THE decennial census serves some very important functions. As per the interim constitution, new electoral constituencies are to be delineated on the basis of the latest census report. Officials at Election Commission don’t expect drastic changes in the number and shape of electoral constituencies after the publication of the final results of the 2011 national census. But national censuses, traditionally, produce sizable changes in voting patterns. Census figures also determine how billions of rupees set aside for government programs are spent in the changed socio-economic situation. Individual government bodies and interest groups use data on variables like religion, ethnicity, gender, age and disability to push through and adjust their programs. The for-profit sector, meanwhile, mines census data to fine tune business strategies.
Since such a lot rests on the interpretation of census data, its results are sometimes contested, particularly in developing countries like Nepal where data collection often fail to meet high scientific standards. For instance, the Brahman Samaj suspects the data on Hill Brahman population (which has gone down from 12.7 percent in 2001 to 12.2 percent in 2011) is a reflection of a bias of certain ‘missions’ against Brahmins. Others have contested the census data on radio ownership and internet penetration. But broad trends that the 2011 census hints at are likely to hold true. According to the Central Bureau of Statistics (CBS), the national population in 2011 reached 26.5 million, representing an annual growth of 1.35 percent. The lowest growth rate in the last six decades suggests that relentless promotion of population control measures are bearing fruit, although a large male absentee population might also be responsible for slow population growth. Nor is the skewed sex ratio of 94.16 males per 100 females that has emerged in 2011 census a surprise, again due largely to nearly 1.9 million-strong, mostly-male absentee population.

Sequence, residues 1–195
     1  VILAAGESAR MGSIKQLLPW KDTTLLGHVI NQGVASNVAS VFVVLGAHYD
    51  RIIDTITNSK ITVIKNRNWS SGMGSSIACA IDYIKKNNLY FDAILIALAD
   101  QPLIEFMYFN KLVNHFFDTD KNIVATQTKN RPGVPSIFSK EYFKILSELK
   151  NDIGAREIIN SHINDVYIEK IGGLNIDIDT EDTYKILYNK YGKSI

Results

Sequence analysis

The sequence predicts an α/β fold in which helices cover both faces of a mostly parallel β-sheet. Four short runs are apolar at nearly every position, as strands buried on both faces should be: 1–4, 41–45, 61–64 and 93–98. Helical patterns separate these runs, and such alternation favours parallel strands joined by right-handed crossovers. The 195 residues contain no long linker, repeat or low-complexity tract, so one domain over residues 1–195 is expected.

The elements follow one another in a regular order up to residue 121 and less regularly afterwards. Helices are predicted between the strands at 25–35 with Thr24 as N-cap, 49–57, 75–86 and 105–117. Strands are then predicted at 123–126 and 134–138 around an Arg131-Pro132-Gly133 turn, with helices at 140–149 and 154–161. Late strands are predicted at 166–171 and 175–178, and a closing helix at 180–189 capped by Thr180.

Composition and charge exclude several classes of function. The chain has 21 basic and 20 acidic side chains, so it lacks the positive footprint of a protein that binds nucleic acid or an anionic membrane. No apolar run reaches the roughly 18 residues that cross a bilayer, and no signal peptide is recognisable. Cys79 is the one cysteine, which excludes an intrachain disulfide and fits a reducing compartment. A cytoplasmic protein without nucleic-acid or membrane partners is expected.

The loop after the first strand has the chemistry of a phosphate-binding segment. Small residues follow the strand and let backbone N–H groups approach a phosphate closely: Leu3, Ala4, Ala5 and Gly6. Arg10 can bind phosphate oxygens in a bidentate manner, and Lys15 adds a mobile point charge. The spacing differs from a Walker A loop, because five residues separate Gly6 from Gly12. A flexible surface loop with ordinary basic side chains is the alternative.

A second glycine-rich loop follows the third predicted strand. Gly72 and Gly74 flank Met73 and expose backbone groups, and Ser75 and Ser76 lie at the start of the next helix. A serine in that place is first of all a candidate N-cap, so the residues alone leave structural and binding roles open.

The census reveals a clear trend towards urbanization: the urban population has gone up to 17.7 percent from 14.2 percent in 2001, a characteristic of a developing society with high social mobility. Figures on religious affiliations hint that since the declaration of the country as a secular republic, people are finding it easier to adopt religions of their choice. Another progressive change is an encouraging spurt in literacy rate, which has climbed from 57.4 percent to 65.9 percent in ten years’ time; but the figure is still low, even by South Asian standards (Sri Lanka’s is 91 percent, Bhutan’s 96 percent). In fact, the country is far from achieving all the desired socio-economic changes: the persistently high rate of underage marriage is troubling (48.9 percent of the youth still get married between the ages of 15 and 19; 11.5 even before they reach 14). According to 2011 census, 55 percent Nepalis are under 25, a youth bulge which presents clear advantages (a high percentage of productive workforce, higher remittances) as well as challenges (higher crimes rates, joblessness). A drastic improvement in access to electricity (from 39.8 percent in 2001 to 67.26 percent in 2011) would be a cause of celebration if the country didn’t have to witness up to 12-hours of daily power cuts. The new census data paints a picture of a country at a threshold: if it can consolidate on its political gains of the last decade, there are enough indicators of a rosy future for Nepal; but if the political class fails to honor its responsibility yet again, most of the positive indicators might be reversed in no time at all.